How To Elaborate: Telescopic Text
A question I get quite often from homeschooling parents and teachers is, how can I teach my son to elaborate in his writing? He always seems to write the bare minimum and when I ask him to write more, he says, “that’s all I can think of to say!”
I didn’t use a male example by accident, here. This seems to be a particular problem for boys. Daughters tend to be more naturally loquacious.
There are numerous techniques that can help students learn to add detail, but I came across a super-simple but quite creative website today that might be of some use. It’s called Telescopic Text and it was created by an artist named Joe Davis.
TelescopicText.com is the plainest web page you’ll ever see. It looks like this:
But if you click on any of the highlighted words, they telescope. In other words, the sentence gets more elaborate. If I click on tea, for example, I see this:
You can keep clicking for a long time, but eventually you’ll end up with this:
We can debate how much detail is too much, but let’s not. This site is created to allow readers to pick and choose which details should or shouldn’t be added, and most importantly, to watch a writer elaborate right before your eyes. I imagine spending some time on it and talking it through with your reticent or reluctant child might help demonstrate how writers add detail.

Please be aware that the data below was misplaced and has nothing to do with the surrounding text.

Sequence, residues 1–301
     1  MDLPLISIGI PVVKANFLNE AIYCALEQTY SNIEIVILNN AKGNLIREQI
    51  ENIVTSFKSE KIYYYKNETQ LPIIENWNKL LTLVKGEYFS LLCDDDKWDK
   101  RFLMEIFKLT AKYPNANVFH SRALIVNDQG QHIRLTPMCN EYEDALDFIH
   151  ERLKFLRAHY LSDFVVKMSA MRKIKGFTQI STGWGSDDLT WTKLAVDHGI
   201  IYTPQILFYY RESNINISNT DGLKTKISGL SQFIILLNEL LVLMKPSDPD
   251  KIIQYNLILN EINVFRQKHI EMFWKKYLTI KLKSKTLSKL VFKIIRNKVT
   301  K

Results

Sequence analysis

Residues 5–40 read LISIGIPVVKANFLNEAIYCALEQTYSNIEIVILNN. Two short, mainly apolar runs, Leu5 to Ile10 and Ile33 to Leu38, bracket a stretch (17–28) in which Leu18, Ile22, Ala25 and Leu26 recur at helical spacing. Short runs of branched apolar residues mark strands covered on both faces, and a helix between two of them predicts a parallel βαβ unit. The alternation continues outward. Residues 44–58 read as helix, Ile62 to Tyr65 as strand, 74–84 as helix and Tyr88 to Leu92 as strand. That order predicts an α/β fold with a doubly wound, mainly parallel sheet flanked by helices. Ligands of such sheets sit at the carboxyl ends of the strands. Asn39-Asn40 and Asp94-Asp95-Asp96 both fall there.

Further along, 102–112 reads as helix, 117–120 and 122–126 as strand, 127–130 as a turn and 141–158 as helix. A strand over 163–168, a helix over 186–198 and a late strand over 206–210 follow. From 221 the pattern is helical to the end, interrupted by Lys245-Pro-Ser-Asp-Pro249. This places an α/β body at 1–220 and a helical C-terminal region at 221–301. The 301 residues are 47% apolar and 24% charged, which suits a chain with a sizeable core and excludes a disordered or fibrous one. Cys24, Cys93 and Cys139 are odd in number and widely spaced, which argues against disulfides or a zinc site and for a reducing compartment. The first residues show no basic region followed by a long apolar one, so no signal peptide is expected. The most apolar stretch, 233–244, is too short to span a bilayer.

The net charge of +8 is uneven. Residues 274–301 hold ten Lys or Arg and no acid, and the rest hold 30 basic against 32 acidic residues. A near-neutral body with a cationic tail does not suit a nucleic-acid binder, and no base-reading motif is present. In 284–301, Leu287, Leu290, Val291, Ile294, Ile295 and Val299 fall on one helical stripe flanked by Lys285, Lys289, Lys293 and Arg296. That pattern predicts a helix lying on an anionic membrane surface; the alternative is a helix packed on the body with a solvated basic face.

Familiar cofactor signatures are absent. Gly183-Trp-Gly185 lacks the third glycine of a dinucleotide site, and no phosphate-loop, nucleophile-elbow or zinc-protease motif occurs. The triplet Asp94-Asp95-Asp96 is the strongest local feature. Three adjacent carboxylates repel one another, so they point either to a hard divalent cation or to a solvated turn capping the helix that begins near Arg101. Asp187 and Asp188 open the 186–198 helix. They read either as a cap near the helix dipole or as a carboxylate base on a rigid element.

What’s even more fun is the sister site, TelescopicText.org, which provides tools for creating telescoping text of your own. You can even share your versions with other site visitors. I found it quite addicting. It seems like a perfect place to get practice in the specific skill of elaborating.
If you have a son, daughter, or student who struggles with elaboration, I highly recommend a visit to both of these sites.
Add your comments below. Be as verbose as you like!
Such a fantastic visual for struggling writers! Thanks for sharing this, Brian.
Changing the subject, my husband asked me to ask YOU about the differences between ‘continuously’ and ‘continually.’ He says there are subtle differences – I say they are precisely the same. Who’s right?